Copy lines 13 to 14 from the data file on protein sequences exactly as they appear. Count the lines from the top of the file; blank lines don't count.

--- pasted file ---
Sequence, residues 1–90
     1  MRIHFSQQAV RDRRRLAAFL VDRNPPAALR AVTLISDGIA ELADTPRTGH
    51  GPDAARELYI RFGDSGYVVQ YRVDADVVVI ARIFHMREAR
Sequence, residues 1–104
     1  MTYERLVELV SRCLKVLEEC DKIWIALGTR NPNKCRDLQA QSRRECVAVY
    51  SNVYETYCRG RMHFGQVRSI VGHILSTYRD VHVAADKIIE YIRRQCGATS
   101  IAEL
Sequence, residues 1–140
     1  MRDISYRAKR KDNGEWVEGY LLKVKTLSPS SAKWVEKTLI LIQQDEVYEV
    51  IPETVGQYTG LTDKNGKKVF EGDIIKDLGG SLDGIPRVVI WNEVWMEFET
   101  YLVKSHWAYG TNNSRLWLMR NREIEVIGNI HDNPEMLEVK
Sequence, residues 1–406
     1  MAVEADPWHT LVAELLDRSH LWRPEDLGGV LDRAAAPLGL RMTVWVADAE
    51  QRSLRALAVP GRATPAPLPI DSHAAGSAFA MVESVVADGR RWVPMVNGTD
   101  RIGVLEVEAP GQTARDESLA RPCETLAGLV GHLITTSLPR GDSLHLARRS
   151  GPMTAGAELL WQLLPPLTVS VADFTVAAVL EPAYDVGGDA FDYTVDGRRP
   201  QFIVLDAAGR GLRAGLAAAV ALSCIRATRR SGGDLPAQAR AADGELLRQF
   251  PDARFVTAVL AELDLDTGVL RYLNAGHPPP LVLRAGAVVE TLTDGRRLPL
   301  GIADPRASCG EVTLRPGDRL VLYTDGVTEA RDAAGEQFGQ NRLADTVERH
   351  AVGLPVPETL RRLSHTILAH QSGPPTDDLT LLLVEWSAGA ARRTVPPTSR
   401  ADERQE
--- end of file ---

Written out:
     1  MAVEADPWHT LVAELLDRSH LWRPEDLGGV LDRAAAPLGL RMTVWVADAE
    51  QRSLRALAVP GRATPAPLPI DSHAAGSAFA MVESVVADGR RWVPMVNGTD